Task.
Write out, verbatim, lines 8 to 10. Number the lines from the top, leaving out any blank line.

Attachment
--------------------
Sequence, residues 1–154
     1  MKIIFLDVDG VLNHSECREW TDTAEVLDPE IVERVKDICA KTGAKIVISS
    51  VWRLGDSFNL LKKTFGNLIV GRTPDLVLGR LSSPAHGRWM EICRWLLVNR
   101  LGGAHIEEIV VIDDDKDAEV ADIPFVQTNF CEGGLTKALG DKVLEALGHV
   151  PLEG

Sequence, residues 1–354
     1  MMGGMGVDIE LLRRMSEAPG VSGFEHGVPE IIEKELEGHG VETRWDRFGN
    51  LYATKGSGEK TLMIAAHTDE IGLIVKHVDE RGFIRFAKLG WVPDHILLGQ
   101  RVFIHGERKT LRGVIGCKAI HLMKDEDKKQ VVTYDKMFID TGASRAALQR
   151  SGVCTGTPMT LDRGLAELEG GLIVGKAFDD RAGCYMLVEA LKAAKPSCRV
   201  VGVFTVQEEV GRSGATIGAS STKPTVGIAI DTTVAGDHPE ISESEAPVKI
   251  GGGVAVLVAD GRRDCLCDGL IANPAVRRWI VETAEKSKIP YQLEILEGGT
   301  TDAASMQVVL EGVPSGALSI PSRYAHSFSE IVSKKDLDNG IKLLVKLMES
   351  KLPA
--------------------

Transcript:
    51  LYATKGSGEK TLMIAAHTDE IGLIVKHVDE RGFIRFAKLG WVPDHILLGQ
   101  RVFIHGERKT LRGVIGCKAI HLMKDEDKKQ VVTYDKMFID TGASRAALQR
   151  SGVCTGTPMT LDRGLAELEG GLIVGKAFDD RAGCYMLVEA LKAAKPSCRV